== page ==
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Government Rows Back on Restaurants Reopening in Two Weeks

Business secretary Alok Sharma deflates government optimism

Sushi Tetsu in Clerkenwell
Michaël Protin/Eater London

Plans to allow some restaurants to reopen in June lasted two days, as business secretary Alok Sharma rowed back on government optimism last night. On Monday, a group of ministers including chancellor Rishi Sunak proposed a 22 June reopening for an as yet undefined group of restaurants. On Tuesday, at the daily briefing, Sharma confirmed that 4 July remains the earliest date that some restaurants will be able to reopen.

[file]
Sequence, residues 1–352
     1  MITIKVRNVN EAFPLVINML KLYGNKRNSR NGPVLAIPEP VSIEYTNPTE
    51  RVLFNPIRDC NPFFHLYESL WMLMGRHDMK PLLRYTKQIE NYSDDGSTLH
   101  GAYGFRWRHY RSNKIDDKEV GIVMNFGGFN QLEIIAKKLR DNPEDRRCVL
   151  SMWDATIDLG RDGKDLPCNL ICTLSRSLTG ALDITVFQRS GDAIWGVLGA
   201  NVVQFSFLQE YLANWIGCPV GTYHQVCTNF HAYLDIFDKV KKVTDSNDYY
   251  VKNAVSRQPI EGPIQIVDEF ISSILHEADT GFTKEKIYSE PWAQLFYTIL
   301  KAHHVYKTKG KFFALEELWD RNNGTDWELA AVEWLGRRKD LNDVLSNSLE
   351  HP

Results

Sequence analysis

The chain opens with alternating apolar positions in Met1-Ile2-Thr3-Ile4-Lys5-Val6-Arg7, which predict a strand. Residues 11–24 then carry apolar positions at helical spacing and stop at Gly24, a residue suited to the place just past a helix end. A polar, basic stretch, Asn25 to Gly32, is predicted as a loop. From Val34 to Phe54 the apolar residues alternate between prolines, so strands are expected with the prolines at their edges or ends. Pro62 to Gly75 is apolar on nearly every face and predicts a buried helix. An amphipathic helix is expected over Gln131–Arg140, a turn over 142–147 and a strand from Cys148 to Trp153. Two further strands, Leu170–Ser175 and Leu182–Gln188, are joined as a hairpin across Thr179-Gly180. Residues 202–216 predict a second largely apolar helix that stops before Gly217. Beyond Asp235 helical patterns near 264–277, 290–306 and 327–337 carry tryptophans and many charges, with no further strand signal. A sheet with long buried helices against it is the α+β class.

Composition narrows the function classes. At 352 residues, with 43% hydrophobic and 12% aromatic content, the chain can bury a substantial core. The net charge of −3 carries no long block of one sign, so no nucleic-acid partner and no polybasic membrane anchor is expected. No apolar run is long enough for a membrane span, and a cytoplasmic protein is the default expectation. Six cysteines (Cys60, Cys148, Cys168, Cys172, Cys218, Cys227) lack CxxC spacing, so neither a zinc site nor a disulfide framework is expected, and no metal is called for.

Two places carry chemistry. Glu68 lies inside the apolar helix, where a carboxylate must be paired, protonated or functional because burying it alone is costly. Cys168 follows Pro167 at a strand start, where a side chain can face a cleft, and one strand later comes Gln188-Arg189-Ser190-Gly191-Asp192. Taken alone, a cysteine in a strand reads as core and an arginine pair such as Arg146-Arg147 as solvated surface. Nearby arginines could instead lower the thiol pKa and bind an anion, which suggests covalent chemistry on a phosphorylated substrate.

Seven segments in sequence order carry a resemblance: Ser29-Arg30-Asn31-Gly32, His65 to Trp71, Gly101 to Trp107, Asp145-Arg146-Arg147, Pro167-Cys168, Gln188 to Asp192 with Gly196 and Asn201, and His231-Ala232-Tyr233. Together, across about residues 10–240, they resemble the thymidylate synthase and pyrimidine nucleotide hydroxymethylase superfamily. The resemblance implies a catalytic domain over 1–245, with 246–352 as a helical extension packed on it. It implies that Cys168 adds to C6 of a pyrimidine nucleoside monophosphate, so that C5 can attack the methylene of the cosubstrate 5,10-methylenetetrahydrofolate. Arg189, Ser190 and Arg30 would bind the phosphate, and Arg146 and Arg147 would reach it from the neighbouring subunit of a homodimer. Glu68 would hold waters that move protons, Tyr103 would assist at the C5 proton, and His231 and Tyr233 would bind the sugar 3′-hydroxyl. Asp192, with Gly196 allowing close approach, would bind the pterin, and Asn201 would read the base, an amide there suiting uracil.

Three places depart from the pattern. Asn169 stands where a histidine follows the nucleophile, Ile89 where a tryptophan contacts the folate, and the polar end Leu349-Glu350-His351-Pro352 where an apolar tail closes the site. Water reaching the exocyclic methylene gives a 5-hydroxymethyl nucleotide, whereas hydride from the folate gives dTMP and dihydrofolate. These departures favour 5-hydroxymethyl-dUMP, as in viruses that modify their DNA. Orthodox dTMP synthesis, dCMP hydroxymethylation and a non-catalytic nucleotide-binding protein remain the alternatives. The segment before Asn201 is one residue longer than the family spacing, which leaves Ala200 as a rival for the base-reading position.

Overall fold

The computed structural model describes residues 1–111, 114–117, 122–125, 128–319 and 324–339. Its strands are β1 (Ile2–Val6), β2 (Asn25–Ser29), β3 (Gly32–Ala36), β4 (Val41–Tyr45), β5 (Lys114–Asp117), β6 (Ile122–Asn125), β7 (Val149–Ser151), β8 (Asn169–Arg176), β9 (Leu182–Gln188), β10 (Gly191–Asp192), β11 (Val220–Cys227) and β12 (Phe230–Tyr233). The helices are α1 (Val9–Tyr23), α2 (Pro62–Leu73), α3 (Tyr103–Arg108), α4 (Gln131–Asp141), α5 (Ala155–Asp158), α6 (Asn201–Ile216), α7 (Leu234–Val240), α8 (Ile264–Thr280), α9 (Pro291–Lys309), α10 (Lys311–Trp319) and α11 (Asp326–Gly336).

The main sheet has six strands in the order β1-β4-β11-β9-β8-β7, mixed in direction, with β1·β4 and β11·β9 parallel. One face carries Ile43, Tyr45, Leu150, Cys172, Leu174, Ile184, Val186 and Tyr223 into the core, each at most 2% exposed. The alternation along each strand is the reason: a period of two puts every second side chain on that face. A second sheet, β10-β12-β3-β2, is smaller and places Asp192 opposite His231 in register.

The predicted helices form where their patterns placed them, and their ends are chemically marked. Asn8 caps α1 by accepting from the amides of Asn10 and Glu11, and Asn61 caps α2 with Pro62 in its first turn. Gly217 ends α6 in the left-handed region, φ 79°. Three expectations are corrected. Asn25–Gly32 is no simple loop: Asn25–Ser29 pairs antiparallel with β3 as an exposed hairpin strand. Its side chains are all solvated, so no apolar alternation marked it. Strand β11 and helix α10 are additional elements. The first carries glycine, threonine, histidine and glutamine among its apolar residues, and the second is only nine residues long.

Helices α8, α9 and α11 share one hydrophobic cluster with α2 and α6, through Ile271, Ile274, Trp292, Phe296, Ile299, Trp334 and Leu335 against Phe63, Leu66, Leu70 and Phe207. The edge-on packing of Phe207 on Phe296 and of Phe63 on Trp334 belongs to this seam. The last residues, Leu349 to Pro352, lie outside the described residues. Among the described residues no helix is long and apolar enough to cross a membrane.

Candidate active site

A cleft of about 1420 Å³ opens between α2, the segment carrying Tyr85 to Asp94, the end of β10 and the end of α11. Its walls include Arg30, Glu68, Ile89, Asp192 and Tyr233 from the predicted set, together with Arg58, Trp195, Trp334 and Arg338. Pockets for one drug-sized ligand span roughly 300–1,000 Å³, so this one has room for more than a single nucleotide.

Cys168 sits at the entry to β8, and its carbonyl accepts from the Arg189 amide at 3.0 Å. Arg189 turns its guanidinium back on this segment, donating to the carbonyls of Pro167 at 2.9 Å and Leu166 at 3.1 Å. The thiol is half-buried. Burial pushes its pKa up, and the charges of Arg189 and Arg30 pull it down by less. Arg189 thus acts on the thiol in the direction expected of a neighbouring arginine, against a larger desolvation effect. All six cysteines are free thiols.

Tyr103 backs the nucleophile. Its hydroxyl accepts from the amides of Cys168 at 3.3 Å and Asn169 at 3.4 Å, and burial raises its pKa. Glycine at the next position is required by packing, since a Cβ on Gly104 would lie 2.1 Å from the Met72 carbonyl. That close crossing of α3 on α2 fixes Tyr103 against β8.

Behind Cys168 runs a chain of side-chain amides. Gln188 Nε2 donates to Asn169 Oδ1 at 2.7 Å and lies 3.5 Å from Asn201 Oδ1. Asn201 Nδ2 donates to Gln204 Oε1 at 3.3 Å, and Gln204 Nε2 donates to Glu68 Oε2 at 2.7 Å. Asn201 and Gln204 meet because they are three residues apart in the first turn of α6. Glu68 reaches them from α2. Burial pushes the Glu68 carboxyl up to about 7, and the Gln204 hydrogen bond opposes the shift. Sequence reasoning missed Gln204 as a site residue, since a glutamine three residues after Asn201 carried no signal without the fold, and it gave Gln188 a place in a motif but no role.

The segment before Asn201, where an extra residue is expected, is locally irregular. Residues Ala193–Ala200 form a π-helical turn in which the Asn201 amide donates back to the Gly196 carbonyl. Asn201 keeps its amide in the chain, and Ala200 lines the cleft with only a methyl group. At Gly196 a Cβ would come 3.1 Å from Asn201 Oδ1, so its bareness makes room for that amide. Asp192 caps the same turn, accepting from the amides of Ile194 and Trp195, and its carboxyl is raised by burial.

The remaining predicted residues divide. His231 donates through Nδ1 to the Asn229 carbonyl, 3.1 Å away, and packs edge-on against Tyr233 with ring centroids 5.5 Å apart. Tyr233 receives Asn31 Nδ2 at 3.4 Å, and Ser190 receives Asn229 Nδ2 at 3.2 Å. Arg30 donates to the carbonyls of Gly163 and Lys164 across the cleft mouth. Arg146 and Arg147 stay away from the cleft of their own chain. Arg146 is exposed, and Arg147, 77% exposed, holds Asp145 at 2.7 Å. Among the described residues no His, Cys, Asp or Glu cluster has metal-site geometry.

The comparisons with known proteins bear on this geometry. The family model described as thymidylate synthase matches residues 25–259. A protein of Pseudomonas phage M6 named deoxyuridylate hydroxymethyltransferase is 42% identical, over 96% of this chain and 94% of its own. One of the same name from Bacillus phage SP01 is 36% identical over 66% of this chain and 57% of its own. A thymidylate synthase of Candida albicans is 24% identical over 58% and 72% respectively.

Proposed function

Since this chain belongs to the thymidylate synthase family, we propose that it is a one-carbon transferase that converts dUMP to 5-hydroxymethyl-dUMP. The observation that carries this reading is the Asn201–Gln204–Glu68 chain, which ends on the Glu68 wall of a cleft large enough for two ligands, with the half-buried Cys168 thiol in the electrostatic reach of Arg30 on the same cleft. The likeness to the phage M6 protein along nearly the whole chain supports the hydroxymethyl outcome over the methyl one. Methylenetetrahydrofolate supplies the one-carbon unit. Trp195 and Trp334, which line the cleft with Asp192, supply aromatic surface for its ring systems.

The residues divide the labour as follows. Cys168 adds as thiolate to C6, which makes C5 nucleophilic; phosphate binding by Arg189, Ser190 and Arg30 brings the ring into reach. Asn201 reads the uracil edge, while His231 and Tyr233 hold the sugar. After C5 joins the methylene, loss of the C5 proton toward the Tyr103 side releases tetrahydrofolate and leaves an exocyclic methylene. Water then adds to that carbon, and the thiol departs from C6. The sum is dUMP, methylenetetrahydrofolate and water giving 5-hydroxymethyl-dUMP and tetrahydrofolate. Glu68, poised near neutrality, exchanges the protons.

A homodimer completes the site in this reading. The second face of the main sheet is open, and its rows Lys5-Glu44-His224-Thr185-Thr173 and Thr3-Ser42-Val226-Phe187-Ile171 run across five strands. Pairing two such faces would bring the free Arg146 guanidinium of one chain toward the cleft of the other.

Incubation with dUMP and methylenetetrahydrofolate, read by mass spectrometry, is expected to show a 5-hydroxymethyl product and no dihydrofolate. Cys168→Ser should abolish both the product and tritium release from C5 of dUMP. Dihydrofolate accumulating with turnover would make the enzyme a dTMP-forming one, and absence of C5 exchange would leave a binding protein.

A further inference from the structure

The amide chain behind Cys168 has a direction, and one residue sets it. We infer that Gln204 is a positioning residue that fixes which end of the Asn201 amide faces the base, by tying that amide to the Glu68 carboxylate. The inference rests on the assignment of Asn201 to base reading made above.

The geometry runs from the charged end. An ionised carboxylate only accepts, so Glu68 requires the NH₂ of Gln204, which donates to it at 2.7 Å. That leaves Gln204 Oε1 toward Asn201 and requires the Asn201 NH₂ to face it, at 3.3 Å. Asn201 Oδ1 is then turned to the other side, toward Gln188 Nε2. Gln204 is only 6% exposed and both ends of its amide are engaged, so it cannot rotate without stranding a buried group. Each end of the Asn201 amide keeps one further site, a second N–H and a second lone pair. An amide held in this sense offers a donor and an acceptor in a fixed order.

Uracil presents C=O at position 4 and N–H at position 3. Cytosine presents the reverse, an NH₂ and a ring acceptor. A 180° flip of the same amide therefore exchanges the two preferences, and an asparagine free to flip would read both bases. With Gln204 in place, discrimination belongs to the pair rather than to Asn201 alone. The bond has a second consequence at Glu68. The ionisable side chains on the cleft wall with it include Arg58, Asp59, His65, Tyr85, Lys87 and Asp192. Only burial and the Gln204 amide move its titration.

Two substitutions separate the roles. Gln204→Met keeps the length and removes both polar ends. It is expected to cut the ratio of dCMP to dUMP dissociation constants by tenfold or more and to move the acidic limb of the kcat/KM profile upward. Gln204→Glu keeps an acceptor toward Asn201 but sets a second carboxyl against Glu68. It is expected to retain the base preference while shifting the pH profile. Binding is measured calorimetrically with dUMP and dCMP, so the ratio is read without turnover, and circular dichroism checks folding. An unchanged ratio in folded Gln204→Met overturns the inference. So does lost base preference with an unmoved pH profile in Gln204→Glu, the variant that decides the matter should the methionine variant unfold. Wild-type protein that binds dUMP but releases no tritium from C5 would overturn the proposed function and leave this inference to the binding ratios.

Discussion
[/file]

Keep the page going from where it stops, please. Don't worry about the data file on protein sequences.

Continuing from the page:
On the same day, draft restaurant reopening guidelines that leave social distancing measurements and capacity regulation entirely in the hands of restaurateurs emerged, coloured by both Boris Johnson’s repeated endorsement of reducing social distancing. Ministers and medical advisers have repeatedly cautioned against that endorsement; Sharma yesterday said: “We take advice from Sage (Scientific Advisory Group for Emergencies) and, when it is safe to do so, we will see if we can move to a smaller distance. We keep all these things under review.”

The new, now old date had raised more questions that it answered, with the proposed acceleration appearing to be both a damage limitation policy for the economy and a damage limitation policy for the government itself. Now that it has been scrapped, restaurants again have the relative certainty of a single date to focus on — even if its parameters remain entirely vague.

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